This article originally appeared on VICE ASIA.
There’s a phrase K-pop artists tell their fans all the time. I hear it whenever I attend a press conference, no fail. “I'm going to put on my best show,” they say.
It sounds like a boilerplate answer but in the South Korean entertainment industry, it is a solemn promise. “Best” means never missing a beat when they dance and reaching all the high notes when they sing. For female artists, it also means fulfilling a fantasy: to be pure like a virgin and pretty like a doll.
The expectations don’t end when they step down from the stage. They must live up to it 24/7, or else risk the devotion of their fans. This “fans first” attitude, coupled with the long standing misogyny in South Korea’s patriarchal society, takes a toll on young female celebrities, as seen in the recent deaths of K-pop stars Goo Hara and Sulli.
Hara, 28, was found dead in her home in Seoul after reportedly ending her life last week. About six weeks before that, her friend, Sulli, 25, died under similar circumstances. Both were very popular and well-loved, until their “best” image was shattered.
Pure Like a Virgin
In 2011, Hara was photographed with her then-boyfriend K-pop star Yong Jun-hyung. They were just holding hands and walking through the park, but the photos were controversial for the mere fact that Hara was seen alone with another male celebrity. Her boyfriend emerged from the controversy relatively unscathed, but Hara was bombarded with rumours, vicious comments of jealousy, and blows to her reputation.
Things escalated last year , after Hara sued her ex-boyfriend, hairdresser Choi Jong-bum, for allegedly threatening to circulate their sex video. The public painted her out to be a troublemaker. In August, Choi was found guilty of physical assault and threatening behaviour, but not of illicit filming. Hara died about three months after.
Sulli was also a victim of misogynistic rumours. After her dating life was exposed in 2013, the public started treating her in a different way. Sexual rumours and attacks started to spread. It didn’t help that she was dating rapper Choiza, who was 14 years older than her and whose stage name alludes to a big penis.
She was also ridiculed for her beliefs. A feminist, Sulli openly supported the no bra movement and the law that legalised abortion in South Korea, which was passed in April. For this, she was sexually harassed online, with netizens mocking her breasts and calling her an attention seeker.
Therein lies the problem. Male celebrities who date are seen as handsome and talented, but women who do the same are called promiscuous.
Shinhwa member Kim Dong-wan put it succinctly: “(Female celebrities) are required to be sexy but aren’t supposed to have sex.”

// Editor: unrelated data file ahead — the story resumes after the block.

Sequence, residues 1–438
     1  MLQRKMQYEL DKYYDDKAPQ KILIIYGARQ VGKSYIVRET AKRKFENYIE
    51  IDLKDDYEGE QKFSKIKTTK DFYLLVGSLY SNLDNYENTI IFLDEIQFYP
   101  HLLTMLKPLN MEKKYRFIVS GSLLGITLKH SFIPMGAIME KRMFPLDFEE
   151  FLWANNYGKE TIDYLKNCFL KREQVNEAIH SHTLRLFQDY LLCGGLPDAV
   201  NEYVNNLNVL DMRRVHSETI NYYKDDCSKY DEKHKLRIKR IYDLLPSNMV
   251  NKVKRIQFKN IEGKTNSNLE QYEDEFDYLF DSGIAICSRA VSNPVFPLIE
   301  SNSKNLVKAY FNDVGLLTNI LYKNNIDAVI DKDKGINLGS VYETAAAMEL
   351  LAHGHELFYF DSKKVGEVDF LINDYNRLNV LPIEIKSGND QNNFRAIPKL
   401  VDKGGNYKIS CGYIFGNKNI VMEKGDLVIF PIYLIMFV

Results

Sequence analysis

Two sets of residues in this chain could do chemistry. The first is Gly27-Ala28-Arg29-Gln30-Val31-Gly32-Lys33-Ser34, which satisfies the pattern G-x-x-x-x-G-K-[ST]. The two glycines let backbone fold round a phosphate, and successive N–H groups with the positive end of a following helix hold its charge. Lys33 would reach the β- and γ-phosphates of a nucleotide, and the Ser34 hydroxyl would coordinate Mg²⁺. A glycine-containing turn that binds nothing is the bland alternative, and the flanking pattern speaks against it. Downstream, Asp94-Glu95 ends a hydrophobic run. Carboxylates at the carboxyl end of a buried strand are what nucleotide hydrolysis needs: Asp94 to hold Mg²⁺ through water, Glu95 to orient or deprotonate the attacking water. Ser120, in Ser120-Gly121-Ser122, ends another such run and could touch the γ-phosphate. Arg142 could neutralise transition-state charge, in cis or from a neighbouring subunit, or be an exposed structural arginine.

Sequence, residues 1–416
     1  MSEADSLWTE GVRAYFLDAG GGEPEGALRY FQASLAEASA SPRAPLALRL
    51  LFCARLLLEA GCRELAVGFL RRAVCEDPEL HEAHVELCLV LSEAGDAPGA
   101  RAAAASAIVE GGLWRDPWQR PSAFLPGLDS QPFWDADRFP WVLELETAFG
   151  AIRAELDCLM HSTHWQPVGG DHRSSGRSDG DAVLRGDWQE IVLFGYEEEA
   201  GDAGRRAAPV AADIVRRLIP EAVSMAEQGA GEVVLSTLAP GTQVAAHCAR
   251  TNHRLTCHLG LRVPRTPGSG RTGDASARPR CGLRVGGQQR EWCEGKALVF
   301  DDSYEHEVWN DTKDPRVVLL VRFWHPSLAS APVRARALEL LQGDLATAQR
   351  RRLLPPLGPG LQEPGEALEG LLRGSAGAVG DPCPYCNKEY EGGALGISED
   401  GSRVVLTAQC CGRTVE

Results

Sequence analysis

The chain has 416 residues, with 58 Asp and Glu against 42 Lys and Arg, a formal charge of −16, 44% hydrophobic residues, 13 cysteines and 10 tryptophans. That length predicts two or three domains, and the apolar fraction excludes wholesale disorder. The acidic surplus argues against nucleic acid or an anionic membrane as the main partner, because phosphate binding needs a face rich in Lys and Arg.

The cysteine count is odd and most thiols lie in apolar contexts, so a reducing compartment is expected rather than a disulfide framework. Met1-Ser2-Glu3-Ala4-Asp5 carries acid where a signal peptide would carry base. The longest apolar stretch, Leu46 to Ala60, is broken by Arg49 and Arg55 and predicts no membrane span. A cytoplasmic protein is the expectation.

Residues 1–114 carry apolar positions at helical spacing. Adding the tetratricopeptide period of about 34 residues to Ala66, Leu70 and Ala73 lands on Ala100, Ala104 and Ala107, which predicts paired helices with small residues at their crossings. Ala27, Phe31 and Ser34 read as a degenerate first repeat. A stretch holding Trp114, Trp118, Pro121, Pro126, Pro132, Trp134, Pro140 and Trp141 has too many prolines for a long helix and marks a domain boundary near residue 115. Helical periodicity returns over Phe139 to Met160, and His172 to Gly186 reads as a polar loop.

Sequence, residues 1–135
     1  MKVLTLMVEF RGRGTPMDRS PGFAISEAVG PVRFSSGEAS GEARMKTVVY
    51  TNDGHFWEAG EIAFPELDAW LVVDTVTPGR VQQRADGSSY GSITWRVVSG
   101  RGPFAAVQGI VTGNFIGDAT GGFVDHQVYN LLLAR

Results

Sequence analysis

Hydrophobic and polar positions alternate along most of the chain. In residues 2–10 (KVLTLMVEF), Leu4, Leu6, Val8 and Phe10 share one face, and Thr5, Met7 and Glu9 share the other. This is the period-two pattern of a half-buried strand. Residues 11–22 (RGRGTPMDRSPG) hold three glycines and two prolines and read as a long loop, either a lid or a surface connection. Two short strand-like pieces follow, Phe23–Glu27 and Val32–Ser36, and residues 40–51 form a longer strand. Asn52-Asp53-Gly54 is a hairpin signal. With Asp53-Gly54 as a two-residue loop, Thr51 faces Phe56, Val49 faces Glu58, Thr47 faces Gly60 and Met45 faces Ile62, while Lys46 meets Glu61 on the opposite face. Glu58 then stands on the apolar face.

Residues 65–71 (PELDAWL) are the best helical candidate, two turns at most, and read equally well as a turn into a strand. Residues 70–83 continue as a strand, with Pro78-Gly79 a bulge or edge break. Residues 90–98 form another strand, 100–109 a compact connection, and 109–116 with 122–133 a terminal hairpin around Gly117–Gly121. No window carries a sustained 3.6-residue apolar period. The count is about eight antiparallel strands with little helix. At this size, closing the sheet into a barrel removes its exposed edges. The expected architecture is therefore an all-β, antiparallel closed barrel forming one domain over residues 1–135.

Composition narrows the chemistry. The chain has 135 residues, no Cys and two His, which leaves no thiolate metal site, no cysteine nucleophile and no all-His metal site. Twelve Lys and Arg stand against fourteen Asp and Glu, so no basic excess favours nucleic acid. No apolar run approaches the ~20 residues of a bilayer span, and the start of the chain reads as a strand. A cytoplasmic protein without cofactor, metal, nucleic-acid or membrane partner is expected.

Pretty Like a Doll
There’s also the matter of their appearance. Beauty standards are very high in South Korea, where people’s facial features are often evaluated and judged. According to a 2015 survey by Gallup Korea, 31 percent of Korean women in their 20s undergo plastic surgery. The pressure multiplies when you’re a female celebrity.
“There is a clear image of what a female singer should be in K-pop. What people care about is the appearance,” singer Lim Kim told me during an interview in October.
She described the culture as “a small box that prioritises being a good-looking performer above all else.”
Both Hara and Sulli were locked up in this box.
The two had spoken out about the pressure to live up to expectations. In April, Hara was accused of undergoing plastic surgery, which is still frowned upon. She explained that she underwent eye surgery for medical reasons and appealed to the public to “look at her warmly,” but the mocking continued. Sulli, on the other hand, said in a TV show in October that the “practice of judging a person’s appearance ought to be changed.”
While male celebrities are expected to look good too, the pressure is higher for the women. Even small changes in an artist’s appearance are blown out of proportion. Whenever they release a new album, fans and the media judge their makeup, hairstyle, fashion, and face. It’s almost a routine. They are insulted if they don’t meet beauty standards, but criticised for getting plastic surgery.
K-pop stars may have millions of admirers from around the world but sometimes, it is these very same people that bring them down. I hope Hara and Sulli’s deaths move us to become supporters and not mere fans, and finally change our definition of what is “best.”
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Junhyup Kwon is an editor at VICE Korea.